Could this 'phase' be one of superpositions (reduced charge) creating bound states? The other possibility is rejection when quantum states are not superimposed.

I also saw that I have maybe misunderstood the 'hole' as synonymous with a proton. It should be a positron? (antimatter?) But how could the impact of acid then be explained?

An oscillation as a soliton between matter and antimatter? Sounds too impossible?

At 1:38 AM, Blogger Ulla said...

Among the unexplained phenomena of Bi-2212 quasiparticles are:
(1) the appearance of anti-nodal quasiparticles only below Tc; (Today we know they happen also at higher temp.- but why? - my comment)
(2) the proportionality between the quasiparticle-peak intensity and both the superfluid and hole densities;
(3) the ‘kink’ in the nodal-quasiparticle dispersion;
(4) the apparent contradiction between nanoscale electronic disorder and quasiparticles
well-defined in k-space; and
(5) the nature of the vortexcore-
induced electronic states.

Quasiparticles increases in size with increasing energy. That is the rejection phase?

from 2003,

A list of ad hoc?

At 1:42 AM, Blogger Ulla said...

In solids, an electron quasiparticle is an electron as affected by the other forces and interactions in the solid. The electron quasiparticle has the same charge and spin as a "normal" (elementary particle) electron, and like a normal electron, it is a fermion. However, its mass can differ substantially from that of a normal electron; see the article effective mass.[3] Its electric field is also modified, as a result of electric field screening. In many other respects, especially in metals under ordinary conditions, these so-called Landau quasiparticles[citation needed] closely resemble familiar electrons; as Crommie's "quantum corral" showed, an STM can clearly image their interference[disambiguation needed] upon scattering.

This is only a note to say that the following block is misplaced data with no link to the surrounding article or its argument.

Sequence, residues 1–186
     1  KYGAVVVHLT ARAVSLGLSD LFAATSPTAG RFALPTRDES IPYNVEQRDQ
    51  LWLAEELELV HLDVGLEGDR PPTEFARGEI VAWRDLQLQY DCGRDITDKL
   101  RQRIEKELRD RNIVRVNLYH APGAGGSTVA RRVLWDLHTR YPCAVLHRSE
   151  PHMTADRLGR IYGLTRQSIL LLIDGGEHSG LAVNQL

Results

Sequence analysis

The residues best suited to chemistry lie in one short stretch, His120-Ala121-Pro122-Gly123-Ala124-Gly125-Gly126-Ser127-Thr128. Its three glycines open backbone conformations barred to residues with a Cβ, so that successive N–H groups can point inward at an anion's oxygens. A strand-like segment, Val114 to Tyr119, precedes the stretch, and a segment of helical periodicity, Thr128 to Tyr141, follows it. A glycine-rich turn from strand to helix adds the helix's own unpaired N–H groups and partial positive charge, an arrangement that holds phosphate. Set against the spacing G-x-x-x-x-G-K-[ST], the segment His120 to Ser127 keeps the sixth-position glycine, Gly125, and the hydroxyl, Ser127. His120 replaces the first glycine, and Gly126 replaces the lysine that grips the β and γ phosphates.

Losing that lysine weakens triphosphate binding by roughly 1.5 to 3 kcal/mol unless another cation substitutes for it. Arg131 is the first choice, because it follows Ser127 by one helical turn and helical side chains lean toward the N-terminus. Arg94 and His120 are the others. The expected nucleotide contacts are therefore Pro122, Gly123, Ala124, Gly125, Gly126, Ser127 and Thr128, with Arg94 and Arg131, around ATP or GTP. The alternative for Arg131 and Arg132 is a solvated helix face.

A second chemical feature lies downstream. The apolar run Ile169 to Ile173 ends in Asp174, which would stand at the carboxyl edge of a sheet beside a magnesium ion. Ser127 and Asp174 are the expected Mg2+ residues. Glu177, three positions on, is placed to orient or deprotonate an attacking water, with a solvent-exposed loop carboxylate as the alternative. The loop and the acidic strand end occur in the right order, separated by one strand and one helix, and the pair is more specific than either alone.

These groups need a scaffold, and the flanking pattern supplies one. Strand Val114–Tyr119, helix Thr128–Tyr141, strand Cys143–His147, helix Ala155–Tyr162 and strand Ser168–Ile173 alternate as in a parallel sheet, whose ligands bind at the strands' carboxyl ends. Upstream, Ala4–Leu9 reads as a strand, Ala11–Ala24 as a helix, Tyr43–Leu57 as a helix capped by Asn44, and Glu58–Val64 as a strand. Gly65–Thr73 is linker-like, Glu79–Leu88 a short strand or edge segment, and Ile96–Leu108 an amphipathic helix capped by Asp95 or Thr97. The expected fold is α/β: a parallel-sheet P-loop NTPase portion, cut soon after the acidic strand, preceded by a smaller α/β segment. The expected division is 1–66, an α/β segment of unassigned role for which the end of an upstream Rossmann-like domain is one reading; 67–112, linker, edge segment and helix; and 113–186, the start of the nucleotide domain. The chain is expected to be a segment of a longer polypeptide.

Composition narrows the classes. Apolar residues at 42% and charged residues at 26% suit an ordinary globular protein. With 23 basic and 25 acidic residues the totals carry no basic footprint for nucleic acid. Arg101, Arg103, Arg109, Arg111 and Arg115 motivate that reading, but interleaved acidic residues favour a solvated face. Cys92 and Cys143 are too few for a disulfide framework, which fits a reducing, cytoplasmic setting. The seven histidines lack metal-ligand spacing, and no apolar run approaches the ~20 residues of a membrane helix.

Now I stop. I make a fool of myself.

At 1:57 AM, Blogger Ulla said...

From 2008:
The outcome is that a quasiparticle can 'remember' the path it has taken. Dolev expects this property to be exploited in an exotic type of quantum computer called a 'topological quantum computer'.

The computing would be done "by rotating quasiparticles, one around the other." Dolev said. "All you care about, then, is which quasiparticle went around which, not the exact path. This is what makes it 'topological', since you only care about the topology of the path."

In topological quantum computers a bit could be made from two quasiparticles.

In other types of quantum computing, for example linking quantum bits with lasers, the system is strongly affected by its environment. An ever-so-slight movement stops the system from working. But because of the path of these quasiparticles is not important, a topological quantum computer would be much more robust.

In another article:
"In principle, we could store a whole image - even a holographic image. You could take photo with the lasers, and store it using this crystal," said Matt Sellars of the Australian National University in Canberra.

Sellars and his colleagues used a single pulse of photons in the form of a laser light, shining it into a crystal cooled to -270°C. The crystal is no ordinary crystal: it is coated in rare earth metal ions and surrounded by a magnetic field.

In 2005, the researchers reported that, with this set up, they could force the crystal to absorb and store photons for up to one second, which increased memory storage by more than 1,000 times.

Communication at distance too. Quasiparticles are BEC's? Or magnetic flux tubes?